Other highlights of my stay in Taiwan were the visits paid to the two other campsites where I was held captive. As it had been at Kinkaseki, returning to them were uncanny experiences. At each place, with much thought and help from Michael Hurst we held a simple but dignified little ceremony to leave poppy crosses, not only to commemorate our visit but also to the memory of our former comrades. There is no doubt that I coped far better than I would have done had I returned years ago, for I am convinced it would have been a far more emotional occasion. On the other hand it could be that a visit then would have ‘laid to rest a few ghosts’ and possibly lessened some of the ensuing nightmares The experiences of the entire visit was made more exceptional by the fact that though there had been many changes and developments during the last fifty or more years, many recognisable landmarks remained. Meeting local people too who remembered us Pows being there, even though some of them were only children at the time, was almost unbelievable.
All former Taiwan Pows I know, feel very privileged at having this recognition and are deeply appreciative of the Kinkaseki Memorial Committee for all the efforts made on their behalf. Those of us who made the visit in 1998 are most grateful, I am sure to Michael and his wife Tina for their hospitality and help in making most of the arrangements. Tina, a Taiwanese lady was tremendously helpful as our interpreter, adding much to the warmth and friendliness very much in evidence from the Taiwanese people, strengthening even more, my affinity with them. I am personally indebted to Michael Hurst too, for the encouragement he gave once knowing of my dream and his enthusiasm, help and dedication to see that it was fulfilled.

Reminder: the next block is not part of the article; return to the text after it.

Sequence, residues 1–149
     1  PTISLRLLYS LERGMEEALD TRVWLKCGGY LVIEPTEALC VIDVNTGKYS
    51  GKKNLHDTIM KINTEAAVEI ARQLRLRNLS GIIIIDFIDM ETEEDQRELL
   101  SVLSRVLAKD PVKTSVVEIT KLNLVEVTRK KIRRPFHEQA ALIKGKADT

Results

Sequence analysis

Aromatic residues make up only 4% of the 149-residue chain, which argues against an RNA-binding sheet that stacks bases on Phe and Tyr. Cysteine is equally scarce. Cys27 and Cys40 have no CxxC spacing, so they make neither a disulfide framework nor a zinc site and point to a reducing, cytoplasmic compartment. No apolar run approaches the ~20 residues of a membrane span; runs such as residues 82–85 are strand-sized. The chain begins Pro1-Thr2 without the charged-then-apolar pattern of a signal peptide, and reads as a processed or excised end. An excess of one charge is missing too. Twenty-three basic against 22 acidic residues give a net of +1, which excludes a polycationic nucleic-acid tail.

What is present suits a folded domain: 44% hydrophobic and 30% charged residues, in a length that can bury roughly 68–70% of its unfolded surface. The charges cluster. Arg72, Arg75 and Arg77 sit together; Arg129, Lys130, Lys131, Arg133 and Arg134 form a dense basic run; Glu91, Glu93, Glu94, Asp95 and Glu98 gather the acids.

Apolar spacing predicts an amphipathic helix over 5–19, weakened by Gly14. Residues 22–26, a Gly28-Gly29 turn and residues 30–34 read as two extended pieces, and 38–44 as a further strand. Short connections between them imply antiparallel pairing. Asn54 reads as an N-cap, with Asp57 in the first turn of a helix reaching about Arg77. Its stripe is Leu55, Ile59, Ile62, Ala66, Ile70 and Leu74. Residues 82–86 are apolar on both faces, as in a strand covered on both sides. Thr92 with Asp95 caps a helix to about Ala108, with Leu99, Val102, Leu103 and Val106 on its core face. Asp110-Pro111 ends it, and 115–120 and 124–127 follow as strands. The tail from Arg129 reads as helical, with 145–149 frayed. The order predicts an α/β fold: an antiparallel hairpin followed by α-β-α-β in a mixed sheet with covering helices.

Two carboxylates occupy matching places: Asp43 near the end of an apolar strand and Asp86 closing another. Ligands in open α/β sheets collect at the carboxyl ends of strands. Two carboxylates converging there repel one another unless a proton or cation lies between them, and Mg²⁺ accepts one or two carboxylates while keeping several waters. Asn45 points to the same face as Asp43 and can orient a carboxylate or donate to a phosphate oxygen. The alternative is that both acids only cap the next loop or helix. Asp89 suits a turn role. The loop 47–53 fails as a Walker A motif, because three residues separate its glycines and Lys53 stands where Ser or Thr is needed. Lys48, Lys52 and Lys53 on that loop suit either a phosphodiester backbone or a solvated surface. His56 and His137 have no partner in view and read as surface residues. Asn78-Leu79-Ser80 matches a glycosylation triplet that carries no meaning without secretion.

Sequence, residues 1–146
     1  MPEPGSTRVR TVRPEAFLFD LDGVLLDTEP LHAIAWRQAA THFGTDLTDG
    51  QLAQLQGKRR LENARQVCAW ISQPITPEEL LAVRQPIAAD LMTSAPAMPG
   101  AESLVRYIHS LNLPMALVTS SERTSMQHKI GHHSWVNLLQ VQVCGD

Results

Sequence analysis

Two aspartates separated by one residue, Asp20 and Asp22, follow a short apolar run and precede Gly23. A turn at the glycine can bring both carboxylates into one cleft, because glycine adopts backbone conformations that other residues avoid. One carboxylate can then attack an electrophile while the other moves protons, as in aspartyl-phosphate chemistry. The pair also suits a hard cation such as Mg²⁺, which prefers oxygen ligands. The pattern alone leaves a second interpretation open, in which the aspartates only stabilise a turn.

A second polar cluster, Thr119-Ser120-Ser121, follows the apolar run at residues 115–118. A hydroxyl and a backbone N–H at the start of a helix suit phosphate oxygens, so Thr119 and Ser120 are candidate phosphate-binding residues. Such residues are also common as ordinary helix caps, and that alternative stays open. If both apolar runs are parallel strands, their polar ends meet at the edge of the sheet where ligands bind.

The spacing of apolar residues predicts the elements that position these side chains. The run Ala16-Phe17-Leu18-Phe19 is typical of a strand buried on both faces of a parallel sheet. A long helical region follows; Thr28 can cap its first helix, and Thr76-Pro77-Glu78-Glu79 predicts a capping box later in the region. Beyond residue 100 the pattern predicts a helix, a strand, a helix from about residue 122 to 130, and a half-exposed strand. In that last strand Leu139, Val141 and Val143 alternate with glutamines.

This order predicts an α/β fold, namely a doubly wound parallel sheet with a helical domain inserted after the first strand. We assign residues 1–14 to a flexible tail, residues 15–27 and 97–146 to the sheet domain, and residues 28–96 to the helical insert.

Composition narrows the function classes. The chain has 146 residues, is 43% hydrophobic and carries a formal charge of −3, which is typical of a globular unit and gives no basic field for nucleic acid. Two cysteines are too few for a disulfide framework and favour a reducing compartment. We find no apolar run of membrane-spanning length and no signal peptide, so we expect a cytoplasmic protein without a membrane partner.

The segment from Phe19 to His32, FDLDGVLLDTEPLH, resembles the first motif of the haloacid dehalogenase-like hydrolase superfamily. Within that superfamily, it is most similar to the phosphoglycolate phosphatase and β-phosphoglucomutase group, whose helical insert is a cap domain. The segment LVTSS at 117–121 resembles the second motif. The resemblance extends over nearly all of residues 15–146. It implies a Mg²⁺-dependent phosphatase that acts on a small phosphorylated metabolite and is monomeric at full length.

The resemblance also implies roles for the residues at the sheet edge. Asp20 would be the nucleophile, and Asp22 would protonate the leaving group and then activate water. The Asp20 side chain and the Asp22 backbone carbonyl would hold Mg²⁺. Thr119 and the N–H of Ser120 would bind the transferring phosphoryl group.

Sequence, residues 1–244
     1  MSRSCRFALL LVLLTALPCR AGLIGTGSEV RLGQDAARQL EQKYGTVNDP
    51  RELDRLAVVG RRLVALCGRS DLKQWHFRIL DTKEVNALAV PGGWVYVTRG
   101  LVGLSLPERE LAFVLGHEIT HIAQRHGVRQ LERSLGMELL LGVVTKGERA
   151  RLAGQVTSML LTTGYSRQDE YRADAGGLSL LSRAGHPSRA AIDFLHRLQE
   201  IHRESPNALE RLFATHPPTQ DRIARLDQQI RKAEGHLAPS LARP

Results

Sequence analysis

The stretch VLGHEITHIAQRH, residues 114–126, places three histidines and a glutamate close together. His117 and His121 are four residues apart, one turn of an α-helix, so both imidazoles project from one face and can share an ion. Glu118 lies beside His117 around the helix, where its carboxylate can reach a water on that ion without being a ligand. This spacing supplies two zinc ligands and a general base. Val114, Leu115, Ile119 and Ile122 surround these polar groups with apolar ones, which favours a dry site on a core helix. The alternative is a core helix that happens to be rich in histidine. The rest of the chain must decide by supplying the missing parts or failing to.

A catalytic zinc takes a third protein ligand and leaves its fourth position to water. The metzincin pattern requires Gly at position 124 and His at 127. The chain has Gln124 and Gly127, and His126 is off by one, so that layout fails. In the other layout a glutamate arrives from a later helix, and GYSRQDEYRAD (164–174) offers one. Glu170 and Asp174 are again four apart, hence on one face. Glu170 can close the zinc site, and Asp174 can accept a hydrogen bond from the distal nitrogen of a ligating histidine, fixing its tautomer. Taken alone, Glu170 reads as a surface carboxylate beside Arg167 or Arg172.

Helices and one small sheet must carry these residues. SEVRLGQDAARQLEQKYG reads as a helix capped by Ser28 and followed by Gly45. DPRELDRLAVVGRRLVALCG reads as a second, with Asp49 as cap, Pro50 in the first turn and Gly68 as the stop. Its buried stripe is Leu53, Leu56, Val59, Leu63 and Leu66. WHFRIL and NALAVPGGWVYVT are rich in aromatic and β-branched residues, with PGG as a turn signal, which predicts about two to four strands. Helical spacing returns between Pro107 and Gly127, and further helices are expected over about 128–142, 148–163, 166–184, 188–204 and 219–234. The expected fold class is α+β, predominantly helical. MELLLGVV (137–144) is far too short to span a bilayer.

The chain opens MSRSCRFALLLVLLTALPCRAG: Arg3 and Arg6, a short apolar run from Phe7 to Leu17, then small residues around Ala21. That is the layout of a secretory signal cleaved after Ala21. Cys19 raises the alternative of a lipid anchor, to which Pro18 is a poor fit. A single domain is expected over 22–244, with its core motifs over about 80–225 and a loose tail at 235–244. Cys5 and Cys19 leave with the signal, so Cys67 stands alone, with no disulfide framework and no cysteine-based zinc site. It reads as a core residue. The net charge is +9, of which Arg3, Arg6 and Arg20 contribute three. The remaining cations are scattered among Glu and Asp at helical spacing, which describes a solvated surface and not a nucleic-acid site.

As a postscript to it all, upon my return home in 1945 and for many years after, I was often asked, "How did you manage to survive"? Apart from the. Obvious mention of luck, I usually confessed it was such a miracle that I had no simple answer to the question. In recent years I have often wondered whether that reply has become too much of a cliche’ and over-dramatise the situation. So much so that I found myself posing the question, "was it really as bad as have been portrayed’1? Having now retraced many of the. steps taken all those. years ago and virtually relived some of the experiences, I can only reiterate that it really was every bit as bad as has been said and my survival undoubtedly was a miracle. In the same way that it is true ‘time is a great healer", so it is that ‘time fades the memory’ and how much worse it would have been if it were not so.
The late Maurice A Rooney
Chairman of the former Norwich Branch of FEPOWs (closed June 2001)